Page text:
Cookie policy notice

By continuing to use this site you agree to our cookies policy below:
Since 26 May 2011, the law now states that cookies on websites can ony be used with your specific consent. Cookies allow us to ensure that you enjoy the best browsing experience.

This site is intended for health professionals only

At the heart of general practice since 1960

GP accounts – how to get your financial act together

Accurate and informative accounts are crucial as GPs get to grips with the new contract, says Dr John Couch

Partnerships' year-end accounts will assume extra importance under the new contract. NHS income and pensions are now calculated in a very different way. While all practices should attempt to monitor their finances regularly from month to month, the mists of the new contract will only start to clear as the 2004/5 accounts are analysed for a variety of reasons.

New GP pension scheme

As of April 1 there is no longer a prescribed month-to-month superannuation figure applied by the PCO to each practice's income. Each GP's employee superannuation will be 6 per cent of their NHS profit (total NHS income minus total NHS expenses).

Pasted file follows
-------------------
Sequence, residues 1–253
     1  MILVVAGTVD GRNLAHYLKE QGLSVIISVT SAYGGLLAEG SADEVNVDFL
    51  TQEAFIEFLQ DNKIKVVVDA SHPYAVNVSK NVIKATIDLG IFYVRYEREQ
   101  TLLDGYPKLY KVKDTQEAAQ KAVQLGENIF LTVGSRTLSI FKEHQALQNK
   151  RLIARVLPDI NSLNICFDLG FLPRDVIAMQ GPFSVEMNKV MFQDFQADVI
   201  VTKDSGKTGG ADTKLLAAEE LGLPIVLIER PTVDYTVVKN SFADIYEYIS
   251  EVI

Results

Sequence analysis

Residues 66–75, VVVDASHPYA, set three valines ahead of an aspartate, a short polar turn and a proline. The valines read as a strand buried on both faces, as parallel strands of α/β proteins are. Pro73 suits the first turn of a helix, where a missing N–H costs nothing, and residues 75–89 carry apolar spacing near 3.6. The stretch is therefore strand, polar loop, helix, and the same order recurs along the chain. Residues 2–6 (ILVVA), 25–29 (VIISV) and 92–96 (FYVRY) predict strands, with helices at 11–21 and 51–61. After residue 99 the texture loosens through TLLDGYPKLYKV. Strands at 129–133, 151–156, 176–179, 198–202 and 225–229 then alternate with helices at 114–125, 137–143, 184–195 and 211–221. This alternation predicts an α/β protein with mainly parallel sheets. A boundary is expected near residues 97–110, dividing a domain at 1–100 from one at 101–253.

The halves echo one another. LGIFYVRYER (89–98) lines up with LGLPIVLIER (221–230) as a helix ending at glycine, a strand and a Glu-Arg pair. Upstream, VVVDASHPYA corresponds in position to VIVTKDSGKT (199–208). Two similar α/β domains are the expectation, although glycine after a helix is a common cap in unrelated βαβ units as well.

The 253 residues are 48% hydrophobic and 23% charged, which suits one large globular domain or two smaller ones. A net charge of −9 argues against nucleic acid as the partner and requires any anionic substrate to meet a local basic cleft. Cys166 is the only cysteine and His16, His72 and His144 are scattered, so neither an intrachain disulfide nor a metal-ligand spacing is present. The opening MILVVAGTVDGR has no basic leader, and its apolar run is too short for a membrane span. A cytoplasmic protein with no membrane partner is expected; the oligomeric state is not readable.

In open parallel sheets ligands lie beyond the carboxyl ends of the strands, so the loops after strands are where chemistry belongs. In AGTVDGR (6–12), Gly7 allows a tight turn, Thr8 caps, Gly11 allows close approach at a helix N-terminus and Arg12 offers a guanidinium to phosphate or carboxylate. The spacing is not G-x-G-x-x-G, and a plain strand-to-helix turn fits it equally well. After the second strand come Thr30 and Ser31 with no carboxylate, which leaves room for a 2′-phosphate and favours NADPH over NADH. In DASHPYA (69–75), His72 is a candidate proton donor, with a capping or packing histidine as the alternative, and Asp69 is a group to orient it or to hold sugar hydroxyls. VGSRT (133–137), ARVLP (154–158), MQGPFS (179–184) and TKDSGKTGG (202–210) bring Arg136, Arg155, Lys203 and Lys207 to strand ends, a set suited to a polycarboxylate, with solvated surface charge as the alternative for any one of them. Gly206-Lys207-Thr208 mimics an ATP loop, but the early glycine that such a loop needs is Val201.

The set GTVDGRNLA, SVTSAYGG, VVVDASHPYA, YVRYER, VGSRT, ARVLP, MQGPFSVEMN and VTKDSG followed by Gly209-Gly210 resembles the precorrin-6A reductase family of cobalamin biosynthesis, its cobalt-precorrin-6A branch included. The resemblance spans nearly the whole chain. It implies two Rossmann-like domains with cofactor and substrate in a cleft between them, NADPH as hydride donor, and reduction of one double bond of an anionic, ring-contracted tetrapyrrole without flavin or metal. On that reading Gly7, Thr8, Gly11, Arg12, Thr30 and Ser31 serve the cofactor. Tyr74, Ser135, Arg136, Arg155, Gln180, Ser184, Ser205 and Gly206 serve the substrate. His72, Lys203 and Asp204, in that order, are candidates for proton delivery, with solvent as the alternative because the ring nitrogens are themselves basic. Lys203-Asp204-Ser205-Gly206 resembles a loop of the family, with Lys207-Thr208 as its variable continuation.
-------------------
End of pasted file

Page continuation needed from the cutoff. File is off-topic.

This means those practices that maximise their NHS income and minimise their NHS expenditure will be able to achieve higher NHS pensions.

As the NHS profit figure can only be calculated from the year-end accounts, this will leave the previous year's contributions open until several months into the following year. Practices are being advised to make monthly in-year superannuation payments based on the previous year uprated for the 1.47 per cent Review Body increase.

Once the year-end accounts have been agreed there is likely to then be a balancing payment – assuming, as predicted, net NHS profits are greater than the figure already superannuated. It will be very important to get this calculation accurate.

Planning for increased drawings

Since we voted, every aspect of the new contract has been the subject of negative speculation or alteration.

Nevertheless it is still likely that most practices will be better off, although we will all want to confirm this! It is only when the whole-year accounts are studied – and compared with other practices – that we will be able to be certain.

Most practices are only making modest increases in partner drawings for 2004/5. Once 2004/5 accounts are available it should then be possible to be more liberal.